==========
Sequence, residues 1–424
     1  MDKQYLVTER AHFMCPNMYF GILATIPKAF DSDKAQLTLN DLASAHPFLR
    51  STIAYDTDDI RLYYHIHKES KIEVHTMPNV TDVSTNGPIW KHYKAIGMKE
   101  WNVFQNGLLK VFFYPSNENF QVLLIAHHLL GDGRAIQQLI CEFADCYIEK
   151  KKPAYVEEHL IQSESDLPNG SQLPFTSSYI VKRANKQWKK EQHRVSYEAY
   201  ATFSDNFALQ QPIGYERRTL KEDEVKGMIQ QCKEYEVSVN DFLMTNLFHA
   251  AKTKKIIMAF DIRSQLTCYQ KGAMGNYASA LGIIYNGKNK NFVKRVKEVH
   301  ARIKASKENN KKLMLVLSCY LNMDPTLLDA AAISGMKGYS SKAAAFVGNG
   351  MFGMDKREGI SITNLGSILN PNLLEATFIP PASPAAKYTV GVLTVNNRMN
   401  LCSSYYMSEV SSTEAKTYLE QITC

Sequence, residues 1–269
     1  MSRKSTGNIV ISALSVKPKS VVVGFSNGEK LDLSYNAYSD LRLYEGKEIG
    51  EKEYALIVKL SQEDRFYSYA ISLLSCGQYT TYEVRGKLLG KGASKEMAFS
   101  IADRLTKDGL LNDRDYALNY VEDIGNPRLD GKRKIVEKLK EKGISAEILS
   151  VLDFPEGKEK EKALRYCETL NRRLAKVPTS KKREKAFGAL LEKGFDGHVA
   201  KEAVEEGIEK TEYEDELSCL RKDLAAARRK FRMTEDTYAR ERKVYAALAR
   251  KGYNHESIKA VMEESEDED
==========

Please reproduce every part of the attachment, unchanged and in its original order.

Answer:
Sequence, residues 1–424
     1  MDKQYLVTER AHFMCPNMYF GILATIPKAF DSDKAQLTLN DLASAHPFLR
    51  STIAYDTDDI RLYYHIHKES KIEVHTMPNV TDVSTNGPIW KHYKAIGMKE
   101  WNVFQNGLLK VFFYPSNENF QVLLIAHHLL GDGRAIQQLI CEFADCYIEK
   151  KKPAYVEEHL IQSESDLPNG SQLPFTSSYI VKRANKQWKK EQHRVSYEAY
   201  ATFSDNFALQ QPIGYERRTL KEDEVKGMIQ QCKEYEVSVN DFLMTNLFHA
   251  AKTKKIIMAF DIRSQLTCYQ KGAMGNYASA LGIIYNGKNK NFVKRVKEVH
   301  ARIKASKENN KKLMLVLSCY LNMDPTLLDA AAISGMKGYS SKAAAFVGNG
   351  MFGMDKREGI SITNLGSILN PNLLEATFIP PASPAAKYTV GVLTVNNRMN
   401  LCSSYYMSEV SSTEAKTYLE QITC

Sequence, residues 1–269
     1  MSRKSTGNIV ISALSVKPKS VVVGFSNGEK LDLSYNAYSD LRLYEGKEIG
    51  EKEYALIVKL SQEDRFYSYA ISLLSCGQYT TYEVRGKLLG KGASKEMAFS
   101  IADRLTKDGL LNDRDYALNY VEDIGNPRLD GKRKIVEKLK EKGISAEILS
   151  VLDFPEGKEK EKALRYCETL NRRLAKVPTS KKREKAFGAL LEKGFDGHVA
   201  KEAVEEGIEK TEYEDELSCL RKDLAAARRK FRMTEDTYAR ERKVYAALAR
   251  KGYNHESIKA VMEESEDED